Early American’s April 29 auction features an 1864 presidential
campaign ferrotype depicting Republican candidates John C. Fremont on
the obverse and his vice presidential running mate, John Cochrane, on
The 265-lot sale includes items under the categories of Historical
Autographs, Colonial America, Colonial Currency, Revolutionary War
Era, George Washington Related, Federal Period and War of 1812, Civil
War Era, Postage Stamp Envelopes, Encased Postage Stamps, Fractional
and Obsolete Currency, Abraham Lincoln Related, Slavery and Black
History, Political Americana, Historic Maps, and Miscellaneous Currency.
The 25-millimeter ferrotype is described as in “Choice Near Mint”
condition. It features John C. Fremont, the famed “Pathfinder,”
representing the radical/liberal wing of the Republican Party, which
split away from the Abraham Lincoln supporters in 1864, on the
obverse. The reverse features his vice presidential running mate, John Cochrane.
Collectors crave variety in their coins: Inside
While 20th and 21st century coin varieties share very few
characteristics of older varieties, collectors have a wide range of
coins to choose from..
The ferrotype images are secured in a gilt brass frame executed by
John Gault, the same type of encasement he designed for making postage
stamps more durable for use as small change during the Civil War.
The frame features heraldic shields and laurel branches, and is
holed at the top.
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The lower reverse side rim portion reads "Pat AUG. 12,
1862." in tiny letters, which is Gault’s overall design patent date.
The estimate is $2,000 to $2,400.
Presidential seal molds
Two steel molds bearing two different versions of the presidential
seal are offered as a single lot. The catalog lot description states
that they may have been created for making wax molds that would read
respectively “Seal of the President of the United States” and “The
President of the United States Air Force One.” The auction firm gives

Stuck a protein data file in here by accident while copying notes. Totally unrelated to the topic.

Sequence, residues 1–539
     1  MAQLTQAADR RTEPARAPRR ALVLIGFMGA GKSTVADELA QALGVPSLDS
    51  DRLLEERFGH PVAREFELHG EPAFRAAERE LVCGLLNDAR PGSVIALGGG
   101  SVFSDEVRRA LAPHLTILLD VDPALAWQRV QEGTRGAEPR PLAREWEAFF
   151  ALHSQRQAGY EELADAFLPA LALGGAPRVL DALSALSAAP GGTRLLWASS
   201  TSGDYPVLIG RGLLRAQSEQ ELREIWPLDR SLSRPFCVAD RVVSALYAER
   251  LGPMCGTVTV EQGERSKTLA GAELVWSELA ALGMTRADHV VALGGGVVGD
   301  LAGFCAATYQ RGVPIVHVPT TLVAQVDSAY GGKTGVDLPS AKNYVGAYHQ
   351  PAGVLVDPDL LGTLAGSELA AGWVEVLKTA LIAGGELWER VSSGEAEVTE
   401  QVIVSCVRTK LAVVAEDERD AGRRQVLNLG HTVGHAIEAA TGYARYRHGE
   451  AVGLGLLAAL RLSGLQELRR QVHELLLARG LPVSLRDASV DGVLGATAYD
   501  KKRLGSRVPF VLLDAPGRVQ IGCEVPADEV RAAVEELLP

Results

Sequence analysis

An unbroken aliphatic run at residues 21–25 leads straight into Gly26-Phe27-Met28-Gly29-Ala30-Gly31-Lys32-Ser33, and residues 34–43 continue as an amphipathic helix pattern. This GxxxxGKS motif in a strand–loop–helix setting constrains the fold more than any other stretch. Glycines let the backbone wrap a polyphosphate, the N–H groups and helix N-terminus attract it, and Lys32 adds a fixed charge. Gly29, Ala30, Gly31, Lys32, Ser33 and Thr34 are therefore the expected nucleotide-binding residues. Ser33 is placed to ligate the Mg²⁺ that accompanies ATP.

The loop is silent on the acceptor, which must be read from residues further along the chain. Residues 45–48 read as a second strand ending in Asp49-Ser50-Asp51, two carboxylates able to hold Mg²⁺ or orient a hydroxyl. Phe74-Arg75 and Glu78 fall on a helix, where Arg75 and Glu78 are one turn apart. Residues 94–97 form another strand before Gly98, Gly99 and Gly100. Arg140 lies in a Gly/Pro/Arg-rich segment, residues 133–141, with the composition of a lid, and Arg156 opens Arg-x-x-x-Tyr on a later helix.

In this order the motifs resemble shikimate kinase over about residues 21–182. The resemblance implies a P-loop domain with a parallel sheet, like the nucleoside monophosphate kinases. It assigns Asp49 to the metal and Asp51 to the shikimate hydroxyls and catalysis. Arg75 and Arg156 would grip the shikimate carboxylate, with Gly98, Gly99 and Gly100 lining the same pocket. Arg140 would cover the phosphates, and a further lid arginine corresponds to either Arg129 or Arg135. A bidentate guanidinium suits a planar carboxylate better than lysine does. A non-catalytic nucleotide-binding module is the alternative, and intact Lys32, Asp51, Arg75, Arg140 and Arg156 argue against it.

the molds’ grade as Choice Extremely Fine condition.
Measuring 4 inches square and 0.5 inch thick, the molds are
edge-numbered, respectively, 92883 and 93207.
Each has notches on the top and bottom for wax and threaded screw
holes in each of the corners on the blank reverse for pressing and
holding them in place while cooling. The auction lot description says,
“We are unfamiliar of their exact purpose,” but suggests the molds,
which show evidence of “having been heated numerous times,” were
likely used to emboss invitations, make wax seals, or for other
official document purposes.
The estimate for the pair is $6,000 to $8,000.
Postage stamp envelope
With an estimate of $5,500 to $7,500 is a Civil War era U.S. postage
stamp envelope imprinted “THOMAS RICHARDSON, Ag’t, Importer of Wines,
Spirits, English & Scotch Provisions, 66 Maiden Lane, cor. William
St., N.Y. 25 (Cents). U. S. Stamps.” The condition is described as
“Choice Crisp About New.”
Some additional text at the bottom reads: “CHOP, STEAK AND OYSTER
HOUSE. - Dunlop’s XX and India Pale Ale on Draught.”
The envelopes served dual purposes, as an advertising medium and for
housing and protecting stamps that were used as small change in the
amount printed on the envelope.
More detailed historical information can be found in Civil War
Stamp Envelopes, the Issuers and Their Times by Fred L. Reed III.
The envelope was previously sold in the Stack's Oct. 11, 2007, Part
XIX sale of the John J. Ford Jr. Collection.